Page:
How to reclaim your dugout's water
The early spring runoff that graciously filled
your dugout appeared to be clean, clear, ready-to-use water.
plants and/or algae have taken over your dugout and seem unwilling
to give back the fresh water you had just a short time
ago. If that's your situation, don't despair because you can reclaim
What you might not realize is that spring runoff also contained
a fresh supply of nutrients. If your dugout water is replenished
year by runoff, your dugout is likely getting an overdose of nutrients.
overdose is a plant's dream. Your dugout's aquatic plants and
algae use the nutrients to grow. In the case of increased nutrients,
the aquatic vegetation will flourish in your dugout, possibly
toxic effects such as with blue-green algae.
As well, drought conditions result in lower dugout water levels
which add to aquatic plant and algae problems. The reason is
level allows more sunlight penetration and will provide energy
(photosynthesis) for aquatic vegetation to thrive.
There are ways to improve and reclaim your water quality.
Prevention is the golden key for controlling aquatic vegetation
problems. All of the following preventive measures are effective,
do take time
One measure is to build a dike around your dugout
to reduce the amount of nutrients from entering your dugout. Another
flow of nutrients into a dugout is by grassing the waterways.
critical prevention step is to keep your livestock out of your
dugout. Livestock trampling up and down the
can lead to serious erosion problems. Livestock manure
or septic systems can also contain an abundant amount
bacteria that will feed the aquatic plant life.
Treatment a key
A second key to dugout water quality is treatment.
Treatment can be costly, and proper steps must be followed to ensure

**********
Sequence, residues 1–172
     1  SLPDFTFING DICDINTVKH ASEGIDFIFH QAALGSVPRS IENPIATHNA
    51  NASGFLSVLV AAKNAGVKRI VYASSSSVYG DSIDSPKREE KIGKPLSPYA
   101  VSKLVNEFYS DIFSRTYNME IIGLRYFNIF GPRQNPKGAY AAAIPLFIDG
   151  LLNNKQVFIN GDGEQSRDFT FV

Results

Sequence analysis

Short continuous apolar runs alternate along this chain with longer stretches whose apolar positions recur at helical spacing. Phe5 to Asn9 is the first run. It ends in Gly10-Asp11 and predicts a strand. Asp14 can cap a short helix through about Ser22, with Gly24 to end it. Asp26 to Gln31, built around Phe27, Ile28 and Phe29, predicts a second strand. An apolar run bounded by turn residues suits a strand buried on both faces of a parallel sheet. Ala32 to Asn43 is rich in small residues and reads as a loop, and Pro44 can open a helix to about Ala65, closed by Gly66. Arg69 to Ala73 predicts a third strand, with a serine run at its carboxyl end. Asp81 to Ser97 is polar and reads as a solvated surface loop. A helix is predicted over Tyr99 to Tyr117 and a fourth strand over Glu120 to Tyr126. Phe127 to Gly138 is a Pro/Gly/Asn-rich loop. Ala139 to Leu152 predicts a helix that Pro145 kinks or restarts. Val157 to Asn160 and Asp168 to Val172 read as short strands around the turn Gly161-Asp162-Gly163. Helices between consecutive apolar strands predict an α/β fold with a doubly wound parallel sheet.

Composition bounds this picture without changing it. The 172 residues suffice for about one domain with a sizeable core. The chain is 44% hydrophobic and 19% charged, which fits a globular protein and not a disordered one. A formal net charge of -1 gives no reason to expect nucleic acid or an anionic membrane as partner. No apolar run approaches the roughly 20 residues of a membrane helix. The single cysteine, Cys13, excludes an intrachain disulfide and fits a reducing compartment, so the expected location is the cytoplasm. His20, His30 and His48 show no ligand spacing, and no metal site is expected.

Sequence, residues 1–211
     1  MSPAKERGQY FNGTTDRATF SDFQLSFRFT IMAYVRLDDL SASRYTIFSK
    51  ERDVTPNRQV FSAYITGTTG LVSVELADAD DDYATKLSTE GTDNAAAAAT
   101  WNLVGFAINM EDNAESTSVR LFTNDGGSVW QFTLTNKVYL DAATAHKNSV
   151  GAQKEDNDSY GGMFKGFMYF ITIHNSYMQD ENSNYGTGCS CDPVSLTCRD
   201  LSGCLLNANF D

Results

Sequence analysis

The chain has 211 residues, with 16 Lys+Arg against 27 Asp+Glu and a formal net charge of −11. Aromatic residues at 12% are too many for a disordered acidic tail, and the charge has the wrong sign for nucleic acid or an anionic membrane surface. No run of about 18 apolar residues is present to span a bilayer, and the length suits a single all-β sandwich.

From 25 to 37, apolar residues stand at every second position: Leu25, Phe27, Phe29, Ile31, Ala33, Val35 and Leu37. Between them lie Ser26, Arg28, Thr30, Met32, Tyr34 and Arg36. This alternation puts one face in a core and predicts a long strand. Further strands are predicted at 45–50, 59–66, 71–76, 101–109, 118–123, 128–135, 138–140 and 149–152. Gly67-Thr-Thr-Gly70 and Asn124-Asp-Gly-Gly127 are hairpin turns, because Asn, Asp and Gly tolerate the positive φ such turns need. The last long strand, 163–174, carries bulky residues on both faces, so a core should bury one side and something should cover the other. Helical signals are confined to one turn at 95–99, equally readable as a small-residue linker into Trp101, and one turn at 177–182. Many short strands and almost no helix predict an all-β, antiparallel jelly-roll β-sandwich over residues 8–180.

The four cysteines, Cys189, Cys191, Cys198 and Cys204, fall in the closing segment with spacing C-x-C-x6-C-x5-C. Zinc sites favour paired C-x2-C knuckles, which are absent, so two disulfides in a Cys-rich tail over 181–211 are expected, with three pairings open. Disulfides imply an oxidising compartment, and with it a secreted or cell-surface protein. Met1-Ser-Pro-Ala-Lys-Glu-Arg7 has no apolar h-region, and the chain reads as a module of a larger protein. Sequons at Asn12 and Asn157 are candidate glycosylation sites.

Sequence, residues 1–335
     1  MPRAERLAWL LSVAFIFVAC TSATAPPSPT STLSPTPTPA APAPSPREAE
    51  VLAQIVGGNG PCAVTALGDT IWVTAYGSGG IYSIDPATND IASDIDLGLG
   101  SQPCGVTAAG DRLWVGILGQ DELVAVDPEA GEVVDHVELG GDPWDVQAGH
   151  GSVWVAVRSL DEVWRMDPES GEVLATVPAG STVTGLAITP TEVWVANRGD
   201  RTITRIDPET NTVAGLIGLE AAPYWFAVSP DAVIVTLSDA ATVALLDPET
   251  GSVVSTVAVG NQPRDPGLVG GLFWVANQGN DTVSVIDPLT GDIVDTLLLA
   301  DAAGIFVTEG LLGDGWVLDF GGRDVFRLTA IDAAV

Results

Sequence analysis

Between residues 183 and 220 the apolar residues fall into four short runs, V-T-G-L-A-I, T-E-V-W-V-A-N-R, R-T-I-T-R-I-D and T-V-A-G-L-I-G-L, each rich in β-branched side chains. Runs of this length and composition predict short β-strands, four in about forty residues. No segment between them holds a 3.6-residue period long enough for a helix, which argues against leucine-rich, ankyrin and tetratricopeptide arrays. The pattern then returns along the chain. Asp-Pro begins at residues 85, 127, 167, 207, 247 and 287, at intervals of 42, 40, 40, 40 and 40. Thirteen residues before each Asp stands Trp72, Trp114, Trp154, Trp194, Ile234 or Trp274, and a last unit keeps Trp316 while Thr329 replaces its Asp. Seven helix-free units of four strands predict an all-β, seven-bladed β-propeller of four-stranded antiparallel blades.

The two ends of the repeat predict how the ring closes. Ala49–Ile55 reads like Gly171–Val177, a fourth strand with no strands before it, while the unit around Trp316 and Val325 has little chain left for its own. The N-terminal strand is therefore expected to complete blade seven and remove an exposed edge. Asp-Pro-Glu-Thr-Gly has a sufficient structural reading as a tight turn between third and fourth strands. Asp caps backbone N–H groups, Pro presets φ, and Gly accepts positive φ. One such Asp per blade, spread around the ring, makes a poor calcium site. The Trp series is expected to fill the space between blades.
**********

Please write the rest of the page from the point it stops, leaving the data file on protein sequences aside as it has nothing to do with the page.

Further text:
treatment. Depending on your budget and dugout conditions, there
are a few solutions.
The first step is to determine whether one
or both of algae or aquatic plants are your dugout's problem. The
second step is deciding whether
you'll use a chemical or mechanical treatment method.
methods may be effective they may not suit everyone. The best mechanical
methods are labor intensive such as hand pulling
or raking the aquatic vegetation.
Although chemical treatments are
effective, not everyone likes the thought of adding chemicals
to their water. And, if you decide to
chemically treat your dugout you'll need to know the effects
to the local environment . You'll need to answer questions such as:
have any fish? Does the dugout water drain into a watershed area?
are different types of chemicals available for controlling aquatic
vegetation. The most commonly used chemicals are copper sulphate
(bluestone), hydrated lime, Reglone A (with diquat), and aluminum
Some chemicals work on both plants and algae and
others work better on one or the other. Application rates vary
depending type of chemical
treatment you choose and on the amount of water currently in your
Bluestone is effective for blue-green types of algae and
ineffective for plant control. However, it's relatively inexpensive
easy to apply. Reglone A is effective against plants, but has
effect on algae.
Hydrated lime is effective against both algae and
plants, and has an added bonus of settling out the available nutrients
in the water
reducing the supply for aquatic vegetation. Alum is an effective
coagulant for dugouts and is used for settling out fine sediment
in dugout water.
Benefits of aeration
Do note, that although the mechanical and chemical
treatment methods are effective, they are only effective for a
short periods. You can
extend this time period and maximize treatments by aerating your
dugout. A small electric air compressor or windmill type aerator
will help increase the needed amount of oxygen in your water.
water quality is very important to everyone. Creating a proper
ecological program for your dugout water supply through prevention,
treatment and maintenance can ensure quality water for the future.